The E-Book Experiment: Basic Business

I want to share my writing. But, I also want to be able to make a living, or at least a partial living, while doing it.

That dream has two parts:

Share the storytelling.

AND

Paid to continue producing.

Sharing would be easy. Create a web site and start posting, while also posting it on various archives around the internet for original fiction. The second part of the dream means money and the ability to sell comes into the equation.

A sorry truth: Life always becomes more complicated when money is involved.

If we’re going to talk about selling, then that means a business is involved, even if that business is your career as a content producer. To approach this without the basics of business is a sure-fire way to fail in a spectacular manner.

So, since I want to start up my career on a solid foundation that means approaching all of this like a business. As I’ve been in the business world my entire adult life, I’m not a complete newbie about this.

So, let’s talk business.

There are a few basics that every company hoping to sell something must know and watch out for. The biggie is:

Know your customer and market.

This is crucial if you are going to first find, and then keep, a customer.

If you don’t have a customer then you will not sell a product. With no sales, the business is dead. End of life, next quarter please.

In basic terms this means knowing what the customer wants, the quality standard they will accept, providing it at a price they are willing to pay in places they can easily find it, being able to continue to produce more product to sell, and flexibility to adjust to new market conditions.

If there is a breakdown at any of the above steps, then the business will have trouble.

Let’s break this down into specific points:

  • If you don’t know what the customer wants, then you aren’t going to find a customer base for your product.
  • If the quality is low, then the customer will find a product that does have the quality. There is too much quality out there for them to put up with bad quality.
  • If it’s not a price the customer is willing to pay, they will go with another product that they are willing to pay.
  • If a customer has to hunt down your product, many times they will instead switch to what they CAN easily find. For many people time is money.
  • Keep a good relationship with your wholesale/product resources. If you don’t have a product to sell, you don’t have a business.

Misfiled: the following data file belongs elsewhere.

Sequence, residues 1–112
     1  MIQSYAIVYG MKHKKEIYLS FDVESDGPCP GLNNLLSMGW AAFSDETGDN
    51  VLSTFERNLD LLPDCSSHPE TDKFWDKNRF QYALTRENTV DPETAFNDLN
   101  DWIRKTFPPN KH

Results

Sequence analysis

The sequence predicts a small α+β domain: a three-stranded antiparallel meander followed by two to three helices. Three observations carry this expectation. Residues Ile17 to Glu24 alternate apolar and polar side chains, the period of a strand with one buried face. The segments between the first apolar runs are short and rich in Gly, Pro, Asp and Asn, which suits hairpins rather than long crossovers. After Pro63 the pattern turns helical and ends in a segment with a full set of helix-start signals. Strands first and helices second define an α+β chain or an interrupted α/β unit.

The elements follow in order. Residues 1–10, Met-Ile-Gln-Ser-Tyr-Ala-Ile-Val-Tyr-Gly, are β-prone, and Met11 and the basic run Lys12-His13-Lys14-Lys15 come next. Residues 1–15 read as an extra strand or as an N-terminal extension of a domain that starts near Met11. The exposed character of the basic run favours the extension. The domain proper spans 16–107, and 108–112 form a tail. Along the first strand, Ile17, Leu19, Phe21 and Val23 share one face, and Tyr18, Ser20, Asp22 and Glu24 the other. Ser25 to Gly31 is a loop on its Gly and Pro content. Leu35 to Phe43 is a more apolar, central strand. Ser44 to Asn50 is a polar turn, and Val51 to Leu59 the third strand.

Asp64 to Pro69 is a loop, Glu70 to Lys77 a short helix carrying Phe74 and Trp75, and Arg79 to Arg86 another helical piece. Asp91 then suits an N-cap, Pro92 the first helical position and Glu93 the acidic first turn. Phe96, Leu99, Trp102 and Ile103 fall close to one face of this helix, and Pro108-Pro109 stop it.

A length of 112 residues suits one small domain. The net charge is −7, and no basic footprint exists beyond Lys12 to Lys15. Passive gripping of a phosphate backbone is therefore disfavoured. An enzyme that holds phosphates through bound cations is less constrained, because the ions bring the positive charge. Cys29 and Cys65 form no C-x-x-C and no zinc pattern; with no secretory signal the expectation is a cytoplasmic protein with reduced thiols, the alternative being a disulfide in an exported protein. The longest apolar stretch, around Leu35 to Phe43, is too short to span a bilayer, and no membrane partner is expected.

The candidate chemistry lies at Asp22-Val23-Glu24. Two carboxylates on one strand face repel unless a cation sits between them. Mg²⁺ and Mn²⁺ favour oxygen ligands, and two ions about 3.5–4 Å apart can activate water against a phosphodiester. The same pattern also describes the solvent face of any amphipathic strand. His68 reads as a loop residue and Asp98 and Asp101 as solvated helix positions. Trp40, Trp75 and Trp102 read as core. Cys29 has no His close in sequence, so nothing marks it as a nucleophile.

• If something doesn’t work, YOU CHANGE. You must be flexible to new market conditions to survive.

I want to say again: Publishing is a business! As much a business as it is ‘art’ and ‘craft’. Ignore one in favor of the other at your peril.

So, let’s explore the above points and how they might apply to the publishing industry of today (and hopefully not turn this into another rant). As this has turned rather long, each point will be its own post.

In the meantime, I’m sure I haven’t remembered all the points. If you think of more, put them in the comments, please!

NOTE: For basic career tips and guidelines focused towards authors, I recommend three big resources: Dean Wesley Smith “Killing the Sacred Cows of Publishing” series, Kristine Kathryn Rusch “Freelancer’s Survival Guide”, and J.A. Konrath “A Newbie’s Guide to Publishing”.

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“The E-Book Experiment” chronicles the business and creative side of an experiment with the business opportunities new technology and creative outlets now afford content producers. Will if fail? Will it succeed? The only way to know is to approach it with a solid plan and try. No regrets!

I hope the details of this journey will be a help to other authors. As the process proceeds to selling the final products I will also share hard data that might be useful in the decision making process of other authors who recognize that only they can take charge of their careers. For a listing of all the posts in this series, please click here.

The E-Book Experiment: An Intro

I had a big long post to start this off, and then I realized it was a rant about the traditional publishing industry. And that wasn’t supposed to be the point of it.

So, I’m starting again.

I’m a writer. An author. A STORYTELLER.

I started to learn to read early because I was fascinated by these wondrous marks on paper that others would read to me. Stories! These marks were always the same and could be read! Then I realized my mother was using these strange marks to write her own! Oh, wow. I had to get into that. I wanted to read them on my own and, even then, before kindergarten, I wanted to WRITE my own.

When my class started using Dick and Jane to teach reading and writing (I had a head-start on that class), while the rest of the class was working on the shapes and the sounding-out of the words, my little pea-picking head was looking with scorn at these stories, declaring, “I can write a story better than THIS!”

Sound familiar? Anyone having flashbacks of reading a book and then throwing it across the room saying the same thing? I was just a little ahead of most people on that. πŸ˜‰